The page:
“Optimal digestion and absorption through food combining is unique to the individual. However, some people find these basics helpful: fruits alone or on an empty stomach or before your meal; protein only with non-starchy vegetables; grains with starchy or non-starchy vegetables; and avoid protein and grains together. Healthy fats like avocado, coconut oil, and olive oil go well with all foods and are a great addition to your diet, no matter what.”


If I’ve been getting pretty abysmal sleep lately, could that affect my diet?

“Getting adequate rest and sleep is essential for proper functioning. Our bodies do the bulk of their regulatory cleansing and repair work overnight, while we’re asleep. Without enough sleep, the body cannot properly rest and repair, a must for keeping hormones balanced and releasing toxins. All of these functions are crucial in maintaining weight and/or weight loss.


“Even one night without enough sleep affects the hormones that regulate appetite. The body will produce more of the hormone ghrelin, signaling that we are hungry, but less of the hormone leptin, which signals when we’ve had enough to eat. Consistently not getting enough sleep can affect blood-sugar levels and contribute to insulin resistance. Chronic sleep deprivation has been linked to diabetes and obesity. Adequate sleep amounts vary for each individual; however, we typically suggest at least eight hours of sleep.


“Eating shortly before bed can have a negative effect on the quality of sleep, as well as your metabolism, so eat at least one to two hours before bed. A lighter meal in the evening can also promote a deeper, more restful sleep.”


The Uruguay-born, New York-based Dr. Alejandro Junger is a pioneer of the modern detox movement. His first book, Clean: The Revolutionary Program to Restore the Body’s Natural Ability to Heal Itself, was a New York Times Bestseller, and he is a favorite of Gwyneth Paltrow, among countless other well-known fans. Most recently, Junger teamed with L.A.-based The Detox Market to offer his groundbreaking Clean detoxification program to the masses.

Photo: Courtesy of Getty Images

Carbs: Friend or Foe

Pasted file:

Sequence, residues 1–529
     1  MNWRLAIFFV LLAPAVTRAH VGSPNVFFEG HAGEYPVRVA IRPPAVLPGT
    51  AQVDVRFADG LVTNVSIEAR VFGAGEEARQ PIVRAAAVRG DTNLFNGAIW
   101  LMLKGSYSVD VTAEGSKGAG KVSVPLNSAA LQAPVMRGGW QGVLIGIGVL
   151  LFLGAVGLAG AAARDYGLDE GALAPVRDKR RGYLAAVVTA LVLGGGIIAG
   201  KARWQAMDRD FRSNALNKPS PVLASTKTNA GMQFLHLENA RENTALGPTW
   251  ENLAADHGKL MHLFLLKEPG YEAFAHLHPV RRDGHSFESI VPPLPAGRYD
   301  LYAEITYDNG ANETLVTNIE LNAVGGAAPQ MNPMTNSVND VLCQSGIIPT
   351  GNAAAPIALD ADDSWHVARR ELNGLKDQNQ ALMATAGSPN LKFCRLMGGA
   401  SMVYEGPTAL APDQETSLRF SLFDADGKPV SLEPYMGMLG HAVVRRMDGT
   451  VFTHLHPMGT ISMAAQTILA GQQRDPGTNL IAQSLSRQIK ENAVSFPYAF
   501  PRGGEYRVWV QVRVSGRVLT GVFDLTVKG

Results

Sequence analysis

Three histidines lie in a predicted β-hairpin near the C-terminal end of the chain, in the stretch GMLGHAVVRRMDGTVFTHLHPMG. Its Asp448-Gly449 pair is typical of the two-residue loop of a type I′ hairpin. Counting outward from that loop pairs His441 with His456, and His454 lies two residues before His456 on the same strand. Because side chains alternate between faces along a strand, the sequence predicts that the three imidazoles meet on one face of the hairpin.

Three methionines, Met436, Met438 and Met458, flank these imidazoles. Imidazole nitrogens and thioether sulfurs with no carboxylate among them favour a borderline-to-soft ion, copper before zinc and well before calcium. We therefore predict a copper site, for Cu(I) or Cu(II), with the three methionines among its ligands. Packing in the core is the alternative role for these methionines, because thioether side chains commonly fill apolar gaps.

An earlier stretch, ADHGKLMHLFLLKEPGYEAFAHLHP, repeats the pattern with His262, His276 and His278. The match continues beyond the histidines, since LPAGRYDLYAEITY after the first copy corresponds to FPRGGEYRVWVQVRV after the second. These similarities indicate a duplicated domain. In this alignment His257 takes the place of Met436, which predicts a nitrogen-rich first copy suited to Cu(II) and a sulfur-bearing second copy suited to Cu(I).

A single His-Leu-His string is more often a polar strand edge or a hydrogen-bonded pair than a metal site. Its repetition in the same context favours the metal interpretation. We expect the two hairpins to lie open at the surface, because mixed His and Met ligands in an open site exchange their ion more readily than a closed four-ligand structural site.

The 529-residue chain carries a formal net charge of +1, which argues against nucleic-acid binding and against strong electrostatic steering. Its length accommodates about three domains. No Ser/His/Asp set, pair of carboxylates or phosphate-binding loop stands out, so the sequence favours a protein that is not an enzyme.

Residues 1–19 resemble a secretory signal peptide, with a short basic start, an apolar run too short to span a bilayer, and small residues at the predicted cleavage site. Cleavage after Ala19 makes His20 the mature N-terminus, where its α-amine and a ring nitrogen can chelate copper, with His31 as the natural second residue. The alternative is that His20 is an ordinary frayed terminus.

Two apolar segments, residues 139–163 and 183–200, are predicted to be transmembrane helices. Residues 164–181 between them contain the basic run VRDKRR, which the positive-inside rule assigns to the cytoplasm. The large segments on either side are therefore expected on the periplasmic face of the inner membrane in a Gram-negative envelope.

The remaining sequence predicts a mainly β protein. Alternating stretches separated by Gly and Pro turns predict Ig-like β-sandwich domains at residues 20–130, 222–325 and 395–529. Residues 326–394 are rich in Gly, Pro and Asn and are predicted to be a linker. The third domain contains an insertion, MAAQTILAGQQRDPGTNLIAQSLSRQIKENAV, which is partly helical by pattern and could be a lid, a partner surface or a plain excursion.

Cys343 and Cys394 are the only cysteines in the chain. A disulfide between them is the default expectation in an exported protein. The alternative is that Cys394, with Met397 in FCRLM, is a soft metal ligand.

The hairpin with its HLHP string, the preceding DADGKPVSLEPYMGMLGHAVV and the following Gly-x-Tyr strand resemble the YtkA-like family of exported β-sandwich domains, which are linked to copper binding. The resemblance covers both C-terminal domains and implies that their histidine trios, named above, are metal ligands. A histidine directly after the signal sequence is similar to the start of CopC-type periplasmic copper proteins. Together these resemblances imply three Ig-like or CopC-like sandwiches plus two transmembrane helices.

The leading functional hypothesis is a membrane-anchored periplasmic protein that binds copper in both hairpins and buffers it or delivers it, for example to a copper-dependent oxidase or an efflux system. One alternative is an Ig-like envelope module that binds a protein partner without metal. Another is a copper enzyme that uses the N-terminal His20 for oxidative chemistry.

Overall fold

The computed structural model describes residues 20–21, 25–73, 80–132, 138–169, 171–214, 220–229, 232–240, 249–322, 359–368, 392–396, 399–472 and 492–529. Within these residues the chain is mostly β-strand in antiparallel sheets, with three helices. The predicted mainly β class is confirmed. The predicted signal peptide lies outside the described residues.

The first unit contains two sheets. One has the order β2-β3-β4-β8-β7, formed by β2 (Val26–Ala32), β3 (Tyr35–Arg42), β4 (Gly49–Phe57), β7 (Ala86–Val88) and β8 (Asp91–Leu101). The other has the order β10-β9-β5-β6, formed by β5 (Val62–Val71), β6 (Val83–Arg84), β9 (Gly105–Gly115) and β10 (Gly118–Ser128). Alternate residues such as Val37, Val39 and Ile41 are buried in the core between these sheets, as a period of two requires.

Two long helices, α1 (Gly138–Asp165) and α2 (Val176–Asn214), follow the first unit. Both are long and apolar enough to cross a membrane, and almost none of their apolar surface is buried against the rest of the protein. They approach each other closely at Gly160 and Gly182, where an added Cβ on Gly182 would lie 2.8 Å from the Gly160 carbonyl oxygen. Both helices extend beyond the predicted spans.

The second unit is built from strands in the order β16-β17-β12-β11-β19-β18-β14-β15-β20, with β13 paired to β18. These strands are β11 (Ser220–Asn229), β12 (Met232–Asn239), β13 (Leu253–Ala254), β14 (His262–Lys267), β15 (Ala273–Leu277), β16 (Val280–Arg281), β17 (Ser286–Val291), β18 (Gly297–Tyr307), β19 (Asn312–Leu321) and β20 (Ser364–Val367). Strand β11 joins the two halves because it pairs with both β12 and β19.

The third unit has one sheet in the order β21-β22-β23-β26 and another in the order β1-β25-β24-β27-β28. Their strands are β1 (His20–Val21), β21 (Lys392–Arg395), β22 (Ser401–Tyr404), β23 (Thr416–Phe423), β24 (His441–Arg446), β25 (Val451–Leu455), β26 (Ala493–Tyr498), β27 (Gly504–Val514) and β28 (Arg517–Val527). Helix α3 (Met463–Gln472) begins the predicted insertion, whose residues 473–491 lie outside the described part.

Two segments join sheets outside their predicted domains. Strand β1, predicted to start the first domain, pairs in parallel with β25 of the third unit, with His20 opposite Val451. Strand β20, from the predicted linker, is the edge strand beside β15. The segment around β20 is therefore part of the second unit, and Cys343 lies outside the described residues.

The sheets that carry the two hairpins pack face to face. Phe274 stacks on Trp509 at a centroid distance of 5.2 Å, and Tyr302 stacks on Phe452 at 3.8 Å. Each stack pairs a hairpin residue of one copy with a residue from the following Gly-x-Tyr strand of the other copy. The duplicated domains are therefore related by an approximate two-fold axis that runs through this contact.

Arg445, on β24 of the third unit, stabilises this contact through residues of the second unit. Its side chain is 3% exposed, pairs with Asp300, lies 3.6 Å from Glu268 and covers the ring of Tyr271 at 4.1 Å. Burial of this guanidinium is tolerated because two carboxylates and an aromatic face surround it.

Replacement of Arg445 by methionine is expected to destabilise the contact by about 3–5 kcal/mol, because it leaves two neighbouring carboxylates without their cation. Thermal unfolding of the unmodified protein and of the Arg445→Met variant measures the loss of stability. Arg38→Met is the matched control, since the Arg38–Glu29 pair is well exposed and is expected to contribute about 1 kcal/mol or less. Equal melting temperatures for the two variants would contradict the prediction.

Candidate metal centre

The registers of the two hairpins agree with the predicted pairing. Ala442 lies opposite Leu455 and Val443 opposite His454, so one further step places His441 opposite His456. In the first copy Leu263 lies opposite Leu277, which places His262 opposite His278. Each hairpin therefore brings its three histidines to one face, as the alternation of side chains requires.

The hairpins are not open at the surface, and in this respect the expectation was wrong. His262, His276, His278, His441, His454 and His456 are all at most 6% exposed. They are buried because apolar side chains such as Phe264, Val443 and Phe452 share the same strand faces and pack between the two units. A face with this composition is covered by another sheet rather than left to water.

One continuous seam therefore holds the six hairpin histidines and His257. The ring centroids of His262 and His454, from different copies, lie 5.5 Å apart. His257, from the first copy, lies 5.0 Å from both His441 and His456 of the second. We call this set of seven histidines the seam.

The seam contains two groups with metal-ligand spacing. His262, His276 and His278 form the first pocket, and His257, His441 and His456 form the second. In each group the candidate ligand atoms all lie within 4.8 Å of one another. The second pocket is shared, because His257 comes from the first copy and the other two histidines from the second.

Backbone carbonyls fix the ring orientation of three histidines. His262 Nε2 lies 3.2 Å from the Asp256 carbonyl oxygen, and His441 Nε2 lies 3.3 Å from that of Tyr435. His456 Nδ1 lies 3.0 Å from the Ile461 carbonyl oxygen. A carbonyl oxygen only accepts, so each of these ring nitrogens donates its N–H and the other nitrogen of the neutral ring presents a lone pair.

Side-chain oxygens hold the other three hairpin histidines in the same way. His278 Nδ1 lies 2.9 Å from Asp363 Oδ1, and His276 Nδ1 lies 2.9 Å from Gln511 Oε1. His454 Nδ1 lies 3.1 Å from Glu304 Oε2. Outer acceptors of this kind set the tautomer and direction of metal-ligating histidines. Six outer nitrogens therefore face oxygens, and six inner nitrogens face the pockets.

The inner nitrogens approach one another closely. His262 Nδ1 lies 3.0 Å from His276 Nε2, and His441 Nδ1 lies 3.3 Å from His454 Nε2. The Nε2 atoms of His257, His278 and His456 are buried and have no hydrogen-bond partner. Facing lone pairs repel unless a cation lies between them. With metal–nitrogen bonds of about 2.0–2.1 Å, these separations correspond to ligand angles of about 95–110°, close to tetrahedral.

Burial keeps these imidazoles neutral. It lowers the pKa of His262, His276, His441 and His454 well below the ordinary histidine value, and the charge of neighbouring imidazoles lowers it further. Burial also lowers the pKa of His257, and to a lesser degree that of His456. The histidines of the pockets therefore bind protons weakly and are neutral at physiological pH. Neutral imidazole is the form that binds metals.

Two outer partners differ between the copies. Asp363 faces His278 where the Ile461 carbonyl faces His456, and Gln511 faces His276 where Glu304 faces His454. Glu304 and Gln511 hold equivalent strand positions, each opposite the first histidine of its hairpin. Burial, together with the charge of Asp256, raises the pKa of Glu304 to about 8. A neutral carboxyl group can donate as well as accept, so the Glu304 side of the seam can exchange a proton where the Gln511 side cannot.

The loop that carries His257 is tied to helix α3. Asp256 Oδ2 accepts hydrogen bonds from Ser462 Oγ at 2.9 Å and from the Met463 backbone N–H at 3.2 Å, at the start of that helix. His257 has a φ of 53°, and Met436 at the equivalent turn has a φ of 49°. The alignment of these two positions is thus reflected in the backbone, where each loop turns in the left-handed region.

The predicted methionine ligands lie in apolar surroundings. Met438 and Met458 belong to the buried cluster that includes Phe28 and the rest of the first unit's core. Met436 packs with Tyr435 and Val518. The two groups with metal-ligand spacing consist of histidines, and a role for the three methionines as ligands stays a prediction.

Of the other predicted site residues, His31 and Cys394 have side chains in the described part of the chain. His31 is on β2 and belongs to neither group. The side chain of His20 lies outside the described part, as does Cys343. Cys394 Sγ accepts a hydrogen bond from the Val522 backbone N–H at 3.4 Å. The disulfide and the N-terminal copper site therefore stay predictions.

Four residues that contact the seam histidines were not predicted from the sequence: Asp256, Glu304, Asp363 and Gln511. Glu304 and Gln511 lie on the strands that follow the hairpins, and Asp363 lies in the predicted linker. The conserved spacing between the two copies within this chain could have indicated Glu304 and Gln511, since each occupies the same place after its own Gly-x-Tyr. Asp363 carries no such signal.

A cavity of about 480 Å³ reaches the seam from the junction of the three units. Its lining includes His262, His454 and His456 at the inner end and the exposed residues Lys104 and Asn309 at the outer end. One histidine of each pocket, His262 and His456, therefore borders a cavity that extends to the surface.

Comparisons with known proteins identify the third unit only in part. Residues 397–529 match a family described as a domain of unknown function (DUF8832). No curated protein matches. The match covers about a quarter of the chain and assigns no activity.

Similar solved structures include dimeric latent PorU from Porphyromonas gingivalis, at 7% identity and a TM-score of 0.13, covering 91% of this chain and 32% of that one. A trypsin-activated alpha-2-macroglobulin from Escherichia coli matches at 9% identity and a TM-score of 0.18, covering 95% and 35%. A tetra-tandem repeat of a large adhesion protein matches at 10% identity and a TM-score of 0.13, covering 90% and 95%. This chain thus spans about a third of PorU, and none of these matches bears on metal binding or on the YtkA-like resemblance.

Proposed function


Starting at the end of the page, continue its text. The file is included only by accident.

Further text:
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This column features weekly tips and advice from a revolving cast of industry leaders on hand to discuss your beauty dilemmas, from blemishes to Botox. To submit a question, e-mail celia_ellenberg@condenast.com.


Is cutting out carbs really the best way to lose weight, or can it be debilitating to your body’s ability to digest properly, especially once you reintroduce them?

“We don’t feel that eliminating carbohydrates entirely is the best way to long-term health or maintainable weight loss. Incorporating carbs from whole-food sources like fruit, vegetables, and whole grains is important for a balanced diet. Our bodies need the carbohydrate macronutrient for proper functioning. Carbs are used as fuel for the body, and they are an important energy source for the brain, nervous system, heart, and muscles, and all of your tissues and cells. Fiber is also an important part of the carbohydrate equation. This carb component supports healthy elimination and balanced blood-sugar levels—very important for weight loss and long-term health.


It is important to note that not all carbs are created equal. We emphasize carb intake from fresh produce like vegetables, fruit, and starchy veggies such as squash and sweet potatoes. Some amount of whole grains, like brown rice, quinoa, and millet, work very well for some people, too. Others find that they don’t digest these grains well, and they prefer to limit or avoid these. Soaking your grains overnight before cooking them can make them much easier to digest. We encourage you to try both ways and see what works best for you.


There are some carb sources that are best to avoid completely, like processed and refined grains, flours, syrups, and sugars. These carb sources are lacking in vitamins, minerals, and fiber, and they are usually very high in sugar. Processed and refined carbohydrates can spike blood-sugar levels, deplete the body of necessary nutrients, and cause excess glucose that isn’t used as energy to be stored as fat. It’s best to stick with whole-food sources of carbohydrates, balanced with protein, healthy fats, and lots of greens.”


The Uruguay-born, New York-based Dr. Alejandro Junger is a pioneer of the modern detox movement. His first book, Clean: The Revolutionary Program to Restore the Body’s Natural Ability to Heal Itself, was a New York Times Bestseller, and he is a favorite of Gwyneth Paltrow, among countless other well-known fans. Most recently, Junger teamed with L.A.-based The Detox Market to offer his groundbreaking Clean detoxification program to the masses.

Photo: Courtesy of Getty Images